Winston Churchill? Woodrow Wilson? George Curzon? Anonymous?
Dear Quote Investigator: Friends know I am an avid golfer and recently a book of quotations about the sport was given to me as a present. This quote from Winston Churchill captures the exasperation I feel when attempting to chip my ball near to the pin [GBGQ]:
Golf is a game whose aim is to hit a very small ball into an even smaller hole, with weapons singularly ill-designed for the purpose.
When I tried to determine when Churchill uttered this assessment I discovered that some people think former President Woodrow Wilson was really responsible for the saying. Maybe you can resolve this question?
Quote Investigator: Variants of this saying have been attributed to both Churchill and Wilson for decades, but the earliest example located by QI occurred in 1892 in the famed London humor magazine Punch. The article “Confessions of a Duffer” by an unnamed contributor included a version of the quotation that used somewhat different phrasing [PLDG]:
Almost everybody now knows that Golf is not Hockey. Nobody runs after the ball except young ladies at W-m-n! The object is to put a very small ball into a very tiny and remotely distant hole, with engines singularly ill adapted for the purpose.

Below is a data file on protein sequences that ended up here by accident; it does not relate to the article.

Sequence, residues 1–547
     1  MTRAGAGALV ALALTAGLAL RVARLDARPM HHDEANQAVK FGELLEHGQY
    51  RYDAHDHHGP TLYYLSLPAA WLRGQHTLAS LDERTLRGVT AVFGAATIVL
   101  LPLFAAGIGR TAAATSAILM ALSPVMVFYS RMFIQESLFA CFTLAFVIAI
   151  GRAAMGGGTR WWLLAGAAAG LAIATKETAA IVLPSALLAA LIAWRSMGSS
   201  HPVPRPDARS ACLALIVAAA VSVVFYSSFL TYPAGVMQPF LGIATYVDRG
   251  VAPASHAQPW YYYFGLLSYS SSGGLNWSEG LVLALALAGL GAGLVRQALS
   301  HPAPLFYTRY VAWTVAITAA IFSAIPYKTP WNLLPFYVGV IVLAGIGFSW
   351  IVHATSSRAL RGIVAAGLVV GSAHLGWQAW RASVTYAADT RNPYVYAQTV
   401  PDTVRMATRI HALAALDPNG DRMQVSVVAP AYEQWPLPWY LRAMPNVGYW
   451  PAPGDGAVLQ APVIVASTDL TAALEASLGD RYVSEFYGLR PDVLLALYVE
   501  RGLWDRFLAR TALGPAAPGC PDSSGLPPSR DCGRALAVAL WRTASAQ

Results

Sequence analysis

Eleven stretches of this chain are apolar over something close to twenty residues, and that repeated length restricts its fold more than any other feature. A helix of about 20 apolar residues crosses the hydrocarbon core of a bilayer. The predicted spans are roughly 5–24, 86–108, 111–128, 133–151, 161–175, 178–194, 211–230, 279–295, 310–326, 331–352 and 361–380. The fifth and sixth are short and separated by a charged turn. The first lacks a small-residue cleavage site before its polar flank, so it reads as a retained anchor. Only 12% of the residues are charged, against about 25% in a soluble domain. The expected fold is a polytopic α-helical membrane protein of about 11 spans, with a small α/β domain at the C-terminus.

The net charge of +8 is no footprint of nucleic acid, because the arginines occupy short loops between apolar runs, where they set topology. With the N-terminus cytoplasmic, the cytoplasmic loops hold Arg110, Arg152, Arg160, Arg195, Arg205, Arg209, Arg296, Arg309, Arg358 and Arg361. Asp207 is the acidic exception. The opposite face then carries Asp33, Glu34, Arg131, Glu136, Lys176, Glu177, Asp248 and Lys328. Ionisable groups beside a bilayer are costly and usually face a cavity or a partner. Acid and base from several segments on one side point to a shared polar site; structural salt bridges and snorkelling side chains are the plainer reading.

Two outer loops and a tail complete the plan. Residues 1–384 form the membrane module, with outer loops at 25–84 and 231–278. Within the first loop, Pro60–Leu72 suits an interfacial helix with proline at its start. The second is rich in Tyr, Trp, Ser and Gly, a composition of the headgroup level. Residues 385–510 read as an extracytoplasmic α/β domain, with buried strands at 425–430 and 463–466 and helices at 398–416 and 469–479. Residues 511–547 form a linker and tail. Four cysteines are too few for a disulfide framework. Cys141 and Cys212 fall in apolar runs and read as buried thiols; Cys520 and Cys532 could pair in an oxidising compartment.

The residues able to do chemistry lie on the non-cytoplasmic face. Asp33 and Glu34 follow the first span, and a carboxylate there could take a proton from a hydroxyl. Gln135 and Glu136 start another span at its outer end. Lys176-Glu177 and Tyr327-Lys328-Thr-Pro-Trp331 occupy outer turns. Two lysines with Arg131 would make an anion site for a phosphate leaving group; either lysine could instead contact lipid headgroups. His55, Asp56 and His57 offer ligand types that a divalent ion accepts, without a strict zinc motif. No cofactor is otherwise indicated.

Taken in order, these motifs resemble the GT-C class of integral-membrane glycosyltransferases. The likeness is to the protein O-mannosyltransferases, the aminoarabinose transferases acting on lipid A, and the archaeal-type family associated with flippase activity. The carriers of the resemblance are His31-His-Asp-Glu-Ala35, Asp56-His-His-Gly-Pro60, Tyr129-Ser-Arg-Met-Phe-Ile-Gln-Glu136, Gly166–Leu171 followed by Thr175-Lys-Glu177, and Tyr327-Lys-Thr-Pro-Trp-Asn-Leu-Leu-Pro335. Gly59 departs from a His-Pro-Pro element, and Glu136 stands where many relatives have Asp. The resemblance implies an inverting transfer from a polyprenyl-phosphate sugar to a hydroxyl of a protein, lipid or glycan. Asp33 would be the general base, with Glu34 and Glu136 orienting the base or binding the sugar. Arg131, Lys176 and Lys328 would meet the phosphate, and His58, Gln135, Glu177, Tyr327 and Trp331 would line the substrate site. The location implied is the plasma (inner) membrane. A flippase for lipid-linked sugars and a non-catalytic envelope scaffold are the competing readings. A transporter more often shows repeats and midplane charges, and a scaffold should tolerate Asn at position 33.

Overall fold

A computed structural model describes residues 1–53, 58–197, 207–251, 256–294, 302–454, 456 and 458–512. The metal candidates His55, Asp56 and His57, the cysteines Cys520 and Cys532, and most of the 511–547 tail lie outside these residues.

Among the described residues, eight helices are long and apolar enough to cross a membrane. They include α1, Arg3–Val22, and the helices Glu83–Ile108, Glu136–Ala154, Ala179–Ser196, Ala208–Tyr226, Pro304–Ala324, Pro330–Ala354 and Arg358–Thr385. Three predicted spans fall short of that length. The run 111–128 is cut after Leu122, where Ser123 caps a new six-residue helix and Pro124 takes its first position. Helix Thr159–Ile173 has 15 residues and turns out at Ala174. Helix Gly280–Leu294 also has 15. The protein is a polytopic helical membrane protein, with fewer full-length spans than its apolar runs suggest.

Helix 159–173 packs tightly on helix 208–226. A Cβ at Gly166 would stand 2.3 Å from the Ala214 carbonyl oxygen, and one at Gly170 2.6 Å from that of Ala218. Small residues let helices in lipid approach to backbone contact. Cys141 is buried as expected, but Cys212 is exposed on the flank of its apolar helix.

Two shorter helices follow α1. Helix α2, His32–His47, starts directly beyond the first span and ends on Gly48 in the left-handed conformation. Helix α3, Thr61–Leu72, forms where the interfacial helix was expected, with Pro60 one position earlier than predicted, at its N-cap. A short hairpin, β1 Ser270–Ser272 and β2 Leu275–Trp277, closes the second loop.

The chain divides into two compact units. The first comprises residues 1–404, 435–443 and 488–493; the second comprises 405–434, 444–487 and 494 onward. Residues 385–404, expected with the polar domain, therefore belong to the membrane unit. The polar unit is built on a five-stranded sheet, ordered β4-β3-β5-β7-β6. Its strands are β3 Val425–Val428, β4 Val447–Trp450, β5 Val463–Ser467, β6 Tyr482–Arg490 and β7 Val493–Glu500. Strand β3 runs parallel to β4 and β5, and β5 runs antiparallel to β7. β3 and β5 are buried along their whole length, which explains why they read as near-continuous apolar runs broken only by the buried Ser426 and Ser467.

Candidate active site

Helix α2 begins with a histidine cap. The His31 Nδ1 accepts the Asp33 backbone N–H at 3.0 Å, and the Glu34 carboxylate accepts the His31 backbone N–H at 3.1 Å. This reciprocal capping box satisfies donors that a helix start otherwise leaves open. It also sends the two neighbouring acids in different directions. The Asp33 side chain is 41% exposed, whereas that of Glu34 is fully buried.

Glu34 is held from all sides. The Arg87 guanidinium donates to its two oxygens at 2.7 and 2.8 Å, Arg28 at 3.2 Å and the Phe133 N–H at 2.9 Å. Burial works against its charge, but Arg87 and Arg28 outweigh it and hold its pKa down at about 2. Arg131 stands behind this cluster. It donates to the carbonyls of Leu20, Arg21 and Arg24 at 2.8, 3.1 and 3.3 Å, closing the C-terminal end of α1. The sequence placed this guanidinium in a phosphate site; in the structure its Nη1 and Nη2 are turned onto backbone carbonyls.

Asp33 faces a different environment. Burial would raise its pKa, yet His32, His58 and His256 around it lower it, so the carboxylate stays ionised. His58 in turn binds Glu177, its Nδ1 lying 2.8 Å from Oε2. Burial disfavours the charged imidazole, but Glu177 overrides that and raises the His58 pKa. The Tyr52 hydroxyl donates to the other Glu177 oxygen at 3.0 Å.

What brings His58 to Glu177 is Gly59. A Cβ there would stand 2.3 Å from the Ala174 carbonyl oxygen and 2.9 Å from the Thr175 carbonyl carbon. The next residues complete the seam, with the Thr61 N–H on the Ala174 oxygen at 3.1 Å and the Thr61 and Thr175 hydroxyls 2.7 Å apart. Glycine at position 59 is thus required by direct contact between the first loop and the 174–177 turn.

The term with deleted letters: “W-m-n” may have referred to Wimbledon, London. In May 1891 a membership group of 145 women opened their own nine-hole golf course on Wimbledon Common land [RWGC]. The term “engines” referred to the golf clubs used to propel the ball around the course as shown in the following:
There are many engines. First there is the Driver, a long club, wherewith the ball is supposed to be propelled from the tee, a little patch of sand.
Here are additional selected citations in chronological order.
Continue reading Golf: Hit a Very Small Ball into an Even Smaller Hole, with Weapons Singularly Ill-Designed for the Purpose